Traditional Wine Pairings Thrown Overboard
LIANE HANSEN, host:
For every dish, whether popcorn, steak, or smoked salmon, there is a wine. And today, we're going to save you the hours it would take to cruise the aisles of your wine shop in search of the perfect bottle. We've invited the accredited sommelier Natalie McLean into the studios of the CBC in Ottawa to give us some tips. McLean is the author of "Red, White, and Drunk All Over." Welcome to the show.
Ms. NATALIE MCLEAN (Author, ''Red, White, and Drunk All Over''): Thanks, Liane. Good to be here.
HANSEN: First thing, does the recommendation white with fish, red with meat still hold?
Ms. MCLEAN: It does to a certain extent, in that it's based on some fundamental principles of matching food and wine. It's mainly, you know, complement or contrast, weight, texture and flavor. But, you know, there's a lot more experimental cooking these days. We're getting wines from different regions. So the potentials for pairing wine and food have really exploded. And I think that makes it very exciting.
HANSEN: Let's talk about some of the foods other than the fish and the meat. What goes with cheese? I mean, there are so many different kinds.
Ms. MCLEAN: There are. You know, there are lots of different wines that will work with cheese. Some of my favorite cheeses for wines are the harder cheeses. So if you think of Gruyere, cheddar, Beaufort, those cheeses are often mature by the time we eat them.
So their flavor elements, like the salt and the acidity and even their dairy fat content, have come together. They're more in balance, and they start to taste like the flavors we find in mature red wines, like Bordeaux. And that's why one of the classic matches is Bordeaux with cheddar.
HANSEN: With the trend toward healthful eating, vegetarian meals are becoming popular. Vegetables, I think, this is a whole new field for pairing with wine. Let's start with salad. Because sometimes, if you get the wrong wine with a salad that has a dressing, for example, the whole thing goes bad.
Ms. MCLEAN: It does. It does because, of course, wine is next door to vinegar when it goes off. And some foods or salad dressings can bring out that in a wine. My theory is that green wine and green food go together. Again, crisp whites that have an herbal aroma to them, like a New Zealand Sauvignon Blanc. To me, that's like salad in a glass. It's got those aromas that are complementary. It's got the acidity to stand up to a vinaigrette or a dressing. So I really love the pairing between those two.
HANSEN: What about corn on the cob or sweet potatoes, where you're doing more a starchy vegetable?
Ms. MCLEAN: Well, I think that these vegetables are one of the few dishes that actually work very well with a big old buttery, oaky California Chardonnay. This wine is usually a tough match with most dishes. It can overwhelm a lot of dishes, delicate fish and so on, but when you've got starchy vegetables, again, you're echoing those flavors and that texture in the glass.
HANSEN: Hmm. Can we stay on the menu?
Ms. MCLEAN: Sure.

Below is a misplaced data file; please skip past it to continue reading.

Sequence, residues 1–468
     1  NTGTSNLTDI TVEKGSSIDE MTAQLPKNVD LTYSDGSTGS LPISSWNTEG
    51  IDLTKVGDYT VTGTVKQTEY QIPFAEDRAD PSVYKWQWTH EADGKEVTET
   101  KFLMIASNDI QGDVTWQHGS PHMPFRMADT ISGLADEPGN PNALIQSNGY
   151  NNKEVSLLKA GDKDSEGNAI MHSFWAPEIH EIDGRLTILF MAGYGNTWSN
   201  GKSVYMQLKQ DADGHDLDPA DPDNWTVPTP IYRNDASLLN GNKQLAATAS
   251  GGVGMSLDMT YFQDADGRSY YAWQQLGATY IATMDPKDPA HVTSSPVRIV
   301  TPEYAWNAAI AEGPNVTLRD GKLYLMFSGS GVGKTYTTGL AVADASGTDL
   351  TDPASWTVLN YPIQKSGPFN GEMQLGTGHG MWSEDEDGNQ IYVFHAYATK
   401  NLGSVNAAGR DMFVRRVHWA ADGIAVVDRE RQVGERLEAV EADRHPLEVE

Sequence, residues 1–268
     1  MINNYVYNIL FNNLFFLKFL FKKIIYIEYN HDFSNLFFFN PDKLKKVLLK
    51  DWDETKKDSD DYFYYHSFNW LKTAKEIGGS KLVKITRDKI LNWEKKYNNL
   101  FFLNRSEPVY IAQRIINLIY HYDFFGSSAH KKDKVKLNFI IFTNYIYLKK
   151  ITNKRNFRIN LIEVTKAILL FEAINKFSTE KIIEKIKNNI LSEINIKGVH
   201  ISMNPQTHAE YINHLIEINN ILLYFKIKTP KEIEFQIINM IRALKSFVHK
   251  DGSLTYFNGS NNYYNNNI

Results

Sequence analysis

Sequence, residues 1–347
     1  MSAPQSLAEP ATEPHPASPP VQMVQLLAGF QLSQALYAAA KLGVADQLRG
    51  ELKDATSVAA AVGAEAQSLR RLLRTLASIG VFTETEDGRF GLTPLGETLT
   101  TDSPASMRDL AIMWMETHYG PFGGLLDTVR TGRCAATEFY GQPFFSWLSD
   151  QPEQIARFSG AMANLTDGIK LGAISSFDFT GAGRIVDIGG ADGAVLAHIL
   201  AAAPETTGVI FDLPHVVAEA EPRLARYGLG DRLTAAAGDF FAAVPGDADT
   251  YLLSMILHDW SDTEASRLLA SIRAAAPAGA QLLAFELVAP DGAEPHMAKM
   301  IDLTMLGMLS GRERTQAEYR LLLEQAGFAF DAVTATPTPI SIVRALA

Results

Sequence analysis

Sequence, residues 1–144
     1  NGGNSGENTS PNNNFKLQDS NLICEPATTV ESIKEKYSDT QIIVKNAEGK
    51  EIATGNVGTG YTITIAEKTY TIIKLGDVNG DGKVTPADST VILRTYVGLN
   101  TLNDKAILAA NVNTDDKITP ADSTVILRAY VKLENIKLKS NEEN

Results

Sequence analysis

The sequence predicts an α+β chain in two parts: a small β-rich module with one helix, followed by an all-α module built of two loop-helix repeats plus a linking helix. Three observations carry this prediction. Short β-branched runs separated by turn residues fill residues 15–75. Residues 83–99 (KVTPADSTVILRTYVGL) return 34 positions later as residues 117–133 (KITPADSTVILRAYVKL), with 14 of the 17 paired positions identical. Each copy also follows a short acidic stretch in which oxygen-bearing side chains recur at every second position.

HANSEN: Nachos, come on. You don't drink wine with nachos or popcorn.
Ms. MCLEAN: I do. I'm a determined hedonist.
(Soundbite of laughter)
HANSEN: All right, what do you drink with it then?
Ms. MCLEAN: I love snack foods like nachos with a simple very ripe red wine like a California Zinfandel. It's got some zing to it. It's not going to get ruined by the nachos. You know, I wouldn't dare bring out a nice mature Bordeaux or a delicate Burgundy. That would just be a waste. But those wines do work. If you're talking about popcorn, you've got those buttery flavors again.
HANSEN: Right, right.
Ms. MCLEAN: And, you know, the same principles can still apply to casual foods as they do to fancier meals. So look for the buttery California Chardonnay.
HANSEN: How did you learn what goes with what? I mean, trial and error? Training?
Ms. MCLEAN: Absolutely, trial and error mostly. I'm not a good cook. In fact, I really can't cook much at all. But I can certainly dress up meals with wine. And so that's why I got into a lot of these shabby-chic pairings of high-low wine with everyday casual meals.
My son, who's nine years old, would be having, you know, mac and cheese. And I'd be sharing a bowl with him, and I'd think, oh, I wonder what works with this? You know, Chilean Chardonnay, brilliant, with the cheese. You know, I just experiment a lot. But it's also part of my philosophy that we don't need to save wine for fancy meals, special occasions. Wine should be an everyday drink. And that's where I put it on my table.
HANSEN: Sommelier Natalie Mclean is the author of ''Red, White, and Drunk All Over.'' She spoke to us from the studios of the CBC in Ottawa. Thanks a lot.
Ms. MCLEAN: Thanks, Liane. Cheers.
HANSEN: Next week, we'll hear more from Natalie McLean about the merits of organic wine and what climate change means for wine makers.
NPR transcripts are created on a rush deadline by a contractor for NPR, and accuracy and availability may vary. This text may not be in its final form and may be updated or revised in the future. Please be aware that the authoritative record of NPR’s programming is the audio.